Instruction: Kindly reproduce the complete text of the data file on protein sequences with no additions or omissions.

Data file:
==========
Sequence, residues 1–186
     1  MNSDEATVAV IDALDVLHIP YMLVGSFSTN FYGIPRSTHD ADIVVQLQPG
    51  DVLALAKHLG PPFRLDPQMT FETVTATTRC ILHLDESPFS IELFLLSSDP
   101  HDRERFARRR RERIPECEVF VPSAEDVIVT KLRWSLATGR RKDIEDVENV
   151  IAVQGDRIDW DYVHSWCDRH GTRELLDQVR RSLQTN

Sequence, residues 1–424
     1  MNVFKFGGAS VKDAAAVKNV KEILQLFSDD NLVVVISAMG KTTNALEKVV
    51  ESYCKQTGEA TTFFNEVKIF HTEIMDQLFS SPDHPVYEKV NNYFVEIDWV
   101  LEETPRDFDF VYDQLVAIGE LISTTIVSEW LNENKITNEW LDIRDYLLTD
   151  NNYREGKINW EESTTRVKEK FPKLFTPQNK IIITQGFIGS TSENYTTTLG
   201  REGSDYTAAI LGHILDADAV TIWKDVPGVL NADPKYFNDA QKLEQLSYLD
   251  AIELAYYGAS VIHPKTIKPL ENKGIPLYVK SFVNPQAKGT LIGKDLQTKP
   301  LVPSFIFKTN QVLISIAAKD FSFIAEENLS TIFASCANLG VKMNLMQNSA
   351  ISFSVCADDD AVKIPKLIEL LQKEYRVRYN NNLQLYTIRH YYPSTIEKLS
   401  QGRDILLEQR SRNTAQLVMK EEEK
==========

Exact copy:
Sequence, residues 1–186
     1  MNSDEATVAV IDALDVLHIP YMLVGSFSTN FYGIPRSTHD ADIVVQLQPG
    51  DVLALAKHLG PPFRLDPQMT FETVTATTRC ILHLDESPFS IELFLLSSDP
   101  HDRERFARRR RERIPECEVF VPSAEDVIVT KLRWSLATGR RKDIEDVENV
   151  IAVQGDRIDW DYVHSWCDRH GTRELLDQVR RSLQTN

Sequence, residues 1–424
     1  MNVFKFGGAS VKDAAAVKNV KEILQLFSDD NLVVVISAMG KTTNALEKVV
    51  ESYCKQTGEA TTFFNEVKIF HTEIMDQLFS SPDHPVYEKV NNYFVEIDWV
   101  LEETPRDFDF VYDQLVAIGE LISTTIVSEW LNENKITNEW LDIRDYLLTD
   151  NNYREGKINW EESTTRVKEK FPKLFTPQNK IIITQGFIGS TSENYTTTLG
   201  REGSDYTAAI LGHILDADAV TIWKDVPGVL NADPKYFNDA QKLEQLSYLD
   251  AIELAYYGAS VIHPKTIKPL ENKGIPLYVK SFVNPQAKGT LIGKDLQTKP
   301  LVPSFIFKTN QVLISIAAKD FSFIAEENLS TIFASCANLG VKMNLMQNSA
   351  ISFSVCADDD AVKIPKLIEL LQKEYRVRYN NNLQLYTIRH YYPSTIEKLS
   401  QGRDILLEQR SRNTAQLVMK EEEK